Your main concern seems to be that DVR software promotes illegal distribution of copyrighted content over the Internet. This problem has nothing to do with MythTV, the ostenable subject of your article. The community of developers and users of MythTV are all very aware of copyright issues for the simple reason that it would only take a single lawsuit to completely shut down the project. Read the discussions that were triggered by the New York Times article on the mythtv-users mailing list at http://www.gossamer-threads.com/lists/mythtv/users/ to get a feel for what the actual makers and users of PVR software think of copyright violation and fair use.

You are correct when you state that the television industry must change its methods of delivering content to conform to consumer expectations. Until that day comes, many of us will continue to use tools like MythTV to bring the current content delivery methods in line with how we as consumers want that content to be brought to us.

james
There is good insight in this article, all the points about what's wrong with the TV output, are spot on, but the writer does seem to have taken on some of the questionable implications of the NYTimes article.
Most people running MythTv are doing so in *exactly* the same way as Tivo users (just not paying a monthly sub). They're not getting TV they wouldn't otherwise get, they're not typically downloading the programs off the net. MythTv is definitely a geek thing, but it is not fundamentally impractical.
The price comparison is between a MythTv box and a Tivo + subscription cost. The MythTv box is not actually more expensive at all, even to buy it all new. For those of us with a spare, outdated compouter, the cost is simply the cost of a TV card, about $150 max.
Griffon
What's free? Nothing is free now that was not free before. You don't seem to be able to keep the subjects seperate... OTA is free to anyone who can hook up an antenna this is by design, it's called broadcast TV and it is not new. Everything else is Sat or cable and you have to pay for it... yes PAY to record it, digitally or otherwise. MythTV is storage, cataloging and playback mechanism... you still must have the proper access rights to ge the shows in the first place. The p2P issue is completely and 100% separate just like dvd decrypting, or making a dub of VCR tape. You can make any argument pro or against about these additional technologies in conjunction with any operating system like Windows or Mac OS, and in particulare about MS's MCE version of windows. They are in no way unique to Linux running MythTV. Strive for a deeper understanding of each issue and how the dam technology ACTUALLY works.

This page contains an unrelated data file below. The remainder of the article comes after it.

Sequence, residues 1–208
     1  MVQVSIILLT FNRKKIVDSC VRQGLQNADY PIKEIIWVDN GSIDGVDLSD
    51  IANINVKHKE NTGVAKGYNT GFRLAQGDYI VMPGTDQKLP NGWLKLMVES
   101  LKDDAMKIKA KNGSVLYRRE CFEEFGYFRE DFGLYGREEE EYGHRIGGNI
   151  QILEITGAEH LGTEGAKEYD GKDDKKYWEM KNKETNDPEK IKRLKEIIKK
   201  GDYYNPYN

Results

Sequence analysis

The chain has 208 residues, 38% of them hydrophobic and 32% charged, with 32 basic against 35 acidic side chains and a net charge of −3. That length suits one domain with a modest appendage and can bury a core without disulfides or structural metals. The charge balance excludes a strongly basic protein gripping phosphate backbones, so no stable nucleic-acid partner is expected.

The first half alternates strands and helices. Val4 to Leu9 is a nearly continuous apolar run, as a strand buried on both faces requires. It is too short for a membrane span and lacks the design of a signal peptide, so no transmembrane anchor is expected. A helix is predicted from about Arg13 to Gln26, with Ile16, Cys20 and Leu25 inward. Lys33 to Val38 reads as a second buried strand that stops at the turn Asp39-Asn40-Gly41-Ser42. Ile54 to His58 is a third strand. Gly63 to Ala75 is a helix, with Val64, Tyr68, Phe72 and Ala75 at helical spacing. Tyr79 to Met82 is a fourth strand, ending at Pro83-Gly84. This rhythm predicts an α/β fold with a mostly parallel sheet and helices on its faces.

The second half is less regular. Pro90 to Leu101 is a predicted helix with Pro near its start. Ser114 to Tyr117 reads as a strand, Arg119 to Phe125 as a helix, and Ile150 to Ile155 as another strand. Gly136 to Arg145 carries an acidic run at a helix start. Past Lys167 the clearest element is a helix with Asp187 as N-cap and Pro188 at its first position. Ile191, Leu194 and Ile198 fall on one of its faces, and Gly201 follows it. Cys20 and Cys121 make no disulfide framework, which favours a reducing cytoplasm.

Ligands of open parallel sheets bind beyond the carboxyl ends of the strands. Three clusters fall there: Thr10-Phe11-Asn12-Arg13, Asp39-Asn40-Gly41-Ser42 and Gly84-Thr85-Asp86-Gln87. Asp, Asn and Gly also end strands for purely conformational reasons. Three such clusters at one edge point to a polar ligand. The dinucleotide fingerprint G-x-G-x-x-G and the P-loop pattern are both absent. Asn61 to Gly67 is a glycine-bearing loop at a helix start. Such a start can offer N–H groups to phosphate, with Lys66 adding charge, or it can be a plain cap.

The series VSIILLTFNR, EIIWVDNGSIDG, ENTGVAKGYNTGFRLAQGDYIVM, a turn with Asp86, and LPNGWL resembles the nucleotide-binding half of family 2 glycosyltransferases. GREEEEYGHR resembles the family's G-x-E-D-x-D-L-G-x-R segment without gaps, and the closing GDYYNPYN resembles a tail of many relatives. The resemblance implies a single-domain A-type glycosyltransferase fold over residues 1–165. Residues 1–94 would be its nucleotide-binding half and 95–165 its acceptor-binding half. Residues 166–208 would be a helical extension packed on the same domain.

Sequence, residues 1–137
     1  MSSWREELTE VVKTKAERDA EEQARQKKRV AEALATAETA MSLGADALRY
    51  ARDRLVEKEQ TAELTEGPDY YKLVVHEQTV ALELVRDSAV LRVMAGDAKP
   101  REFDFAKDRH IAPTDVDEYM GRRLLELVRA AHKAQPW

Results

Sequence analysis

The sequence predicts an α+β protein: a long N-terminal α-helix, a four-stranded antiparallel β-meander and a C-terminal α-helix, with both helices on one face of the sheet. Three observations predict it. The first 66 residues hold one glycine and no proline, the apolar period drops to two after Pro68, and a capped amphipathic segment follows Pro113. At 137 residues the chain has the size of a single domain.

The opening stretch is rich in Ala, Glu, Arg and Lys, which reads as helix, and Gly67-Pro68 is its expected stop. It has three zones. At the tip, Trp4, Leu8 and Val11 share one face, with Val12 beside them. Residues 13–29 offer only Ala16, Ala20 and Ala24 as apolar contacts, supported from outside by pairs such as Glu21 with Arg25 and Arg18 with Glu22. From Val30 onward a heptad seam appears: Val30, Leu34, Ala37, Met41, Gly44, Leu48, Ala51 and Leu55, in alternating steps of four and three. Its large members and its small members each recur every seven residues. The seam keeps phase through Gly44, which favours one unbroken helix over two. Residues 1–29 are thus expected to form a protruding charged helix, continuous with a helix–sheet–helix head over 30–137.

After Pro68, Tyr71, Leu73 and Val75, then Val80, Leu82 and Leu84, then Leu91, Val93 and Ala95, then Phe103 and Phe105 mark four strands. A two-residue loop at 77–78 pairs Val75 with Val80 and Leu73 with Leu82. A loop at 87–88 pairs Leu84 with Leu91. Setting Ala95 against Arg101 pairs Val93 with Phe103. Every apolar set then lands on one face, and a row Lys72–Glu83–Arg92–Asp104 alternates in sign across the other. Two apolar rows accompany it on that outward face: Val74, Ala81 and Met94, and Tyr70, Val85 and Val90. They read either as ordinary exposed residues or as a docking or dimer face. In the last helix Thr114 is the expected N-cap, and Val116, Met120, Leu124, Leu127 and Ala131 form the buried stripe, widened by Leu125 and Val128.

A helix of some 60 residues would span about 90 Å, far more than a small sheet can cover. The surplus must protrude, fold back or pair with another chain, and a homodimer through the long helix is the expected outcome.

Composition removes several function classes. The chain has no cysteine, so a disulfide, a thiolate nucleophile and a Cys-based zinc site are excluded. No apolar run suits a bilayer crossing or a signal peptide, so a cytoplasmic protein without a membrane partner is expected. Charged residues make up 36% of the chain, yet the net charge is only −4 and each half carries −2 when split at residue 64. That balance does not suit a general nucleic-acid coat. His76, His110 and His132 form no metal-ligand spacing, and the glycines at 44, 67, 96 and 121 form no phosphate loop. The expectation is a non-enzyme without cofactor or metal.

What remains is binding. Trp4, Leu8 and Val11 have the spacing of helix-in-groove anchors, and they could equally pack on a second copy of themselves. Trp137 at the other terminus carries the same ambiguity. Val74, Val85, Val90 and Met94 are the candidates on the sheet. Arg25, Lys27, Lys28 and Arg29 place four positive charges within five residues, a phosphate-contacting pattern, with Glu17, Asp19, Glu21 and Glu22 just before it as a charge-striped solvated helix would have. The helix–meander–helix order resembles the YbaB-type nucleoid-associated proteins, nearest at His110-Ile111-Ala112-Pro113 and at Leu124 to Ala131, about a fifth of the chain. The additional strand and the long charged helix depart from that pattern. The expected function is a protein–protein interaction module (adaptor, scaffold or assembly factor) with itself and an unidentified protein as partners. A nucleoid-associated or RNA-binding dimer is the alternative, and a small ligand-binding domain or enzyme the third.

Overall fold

dan
Linux/MythTV drivers for 2nd gen PVR cards Most of the popular new PVR cards sold for Windows XP MC are based on Connexant's "Blackbird" design, which hasn't had drivers for Linux or Myth. We have been working on these drivers and released an alpha version at http://plutohome.com. Pluto even has a self-booting kick-start CD that will automatically install & configure everything for you, including a ready-to-go Myth system. It's the fastest and easiest way to get a MythTV PVR up and running, and also installs Xine, Asterisk and our own software to give you the most advanced media & entertainment, home automation, security, telecom & computing system, controllable with your Symbian Bluetooth mobile phone, as well as PDA's and Webpads. We're working hard to harden the drivers as quickly as possible and would like as much feedback as possible. These 2nd generation "Blackbird" cards are lower in price and offer better picture quality than the current models supported in IVTV, so be sure to check them out. visit: plutohome.com, click 'support', 'support site', and choose "CX88 Blackbird Drivers" from the projects menu